MOUNTAIN LIFE - Blue Mountains | Spring 2021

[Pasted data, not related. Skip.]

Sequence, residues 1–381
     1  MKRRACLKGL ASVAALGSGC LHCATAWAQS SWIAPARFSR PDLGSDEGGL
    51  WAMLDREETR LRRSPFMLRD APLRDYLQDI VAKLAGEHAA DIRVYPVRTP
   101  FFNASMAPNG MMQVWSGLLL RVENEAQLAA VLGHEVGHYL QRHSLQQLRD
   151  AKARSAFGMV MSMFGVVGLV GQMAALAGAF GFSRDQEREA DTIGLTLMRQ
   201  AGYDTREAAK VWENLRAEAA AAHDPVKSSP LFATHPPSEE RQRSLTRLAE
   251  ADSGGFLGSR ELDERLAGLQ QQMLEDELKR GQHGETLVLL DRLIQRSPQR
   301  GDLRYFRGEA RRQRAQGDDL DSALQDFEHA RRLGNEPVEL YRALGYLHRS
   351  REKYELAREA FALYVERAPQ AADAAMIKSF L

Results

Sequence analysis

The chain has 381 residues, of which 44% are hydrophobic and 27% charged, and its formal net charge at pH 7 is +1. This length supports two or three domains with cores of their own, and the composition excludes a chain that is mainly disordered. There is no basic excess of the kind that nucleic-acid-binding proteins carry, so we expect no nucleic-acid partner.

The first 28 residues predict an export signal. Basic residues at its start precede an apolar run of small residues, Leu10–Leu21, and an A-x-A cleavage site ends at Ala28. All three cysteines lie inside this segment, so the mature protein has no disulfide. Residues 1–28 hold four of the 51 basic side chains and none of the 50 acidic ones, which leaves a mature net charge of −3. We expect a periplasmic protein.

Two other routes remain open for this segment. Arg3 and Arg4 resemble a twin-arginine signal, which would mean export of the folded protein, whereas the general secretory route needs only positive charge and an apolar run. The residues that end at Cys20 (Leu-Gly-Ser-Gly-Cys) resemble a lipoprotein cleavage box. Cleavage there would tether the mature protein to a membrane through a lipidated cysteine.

17 FLOATING IDEAS: THE BIG CANOE PROJECT The Big Canoe Project is a new and ambitious nonprofit social enterprise aiming to get more people on—and engaged with—water. The BCP plans to take groups on short Georgian Bay tours from Owen Sound, Meaford and Collingwood, plus Lake Eugenia. Founder Tom Thwaits has even bigger plans for the BCP this year, hoping to grow not just the fleet but also the scope of the endeavour. “The original impetus for the BCP was my conviction that the more you paddle someplace, the more you fall in love with it. And you protect the things you love. The BCP is about providing that introduction.” Thwaits feels that the BCP should provide much more than just access to canoe experiences for people who have never held a paddle. “You’re also giving them inspiration to go home and start thinking about things like, ‘How do I protect my shoreline?’” That inspiration is best attained, Thwaits tells me, with the help of partners. To that end, BCP is partnering with Water Rangers, a fellow nonprofit that has provided them with water quality testing kits in an effort to make sampling and testing a part of every group paddle.And through the Water Rangers app, paddlers can monitor and compare historical data. “It’s about democratizing access to water,” says Thwaits, “and having ecological literacy at your fingertips. It’s immediate. And it gives [paddlers] a toolkit to talk about it with others.” The BCP is also in talks with the environmental charity Georgian Bay Forever to leverage their expertise in water-borne plastic garbage recovery and make it part of the tour experience. In the works too is a plan to bring guest speakers on board. A big canoe is a natural space for oratory, with a bow seat so the speaker can face the “captive audience” of paddlers. The talks would highlight history (both local and Indigenous), ecology and wildlife. I recently joined Tom Thwaits and the BCP board of directors for a tour on Georgian Bay. It was my first time in a big canoe and being accustomed to a tripping or rec boat, their 29-footer was a new, colossal experience. As we social distanced at roughly a metre apart, the canoe felt like a floating open-air coffee house: a comfortable place to exchange ideas while taking in wild surroundings.We watched a bald eagle soar over the clay banks east of Meaford—an auspicious symbol of the possibilities of this project. “The BCP wants access for everyone, including new Canadians,” Thwaits adds. “Access is for everyone, including communities usually underserved by the outdoor adventure industry.”The BCP is also registering with LGBTQ+ tourism organizations as a safe provider. This big canoe just keeps getting bigger. –Ned Morgan “It’s about democratizing access to water and having ecological literacy at your fingertips.” COLIN FIELD UPFRONT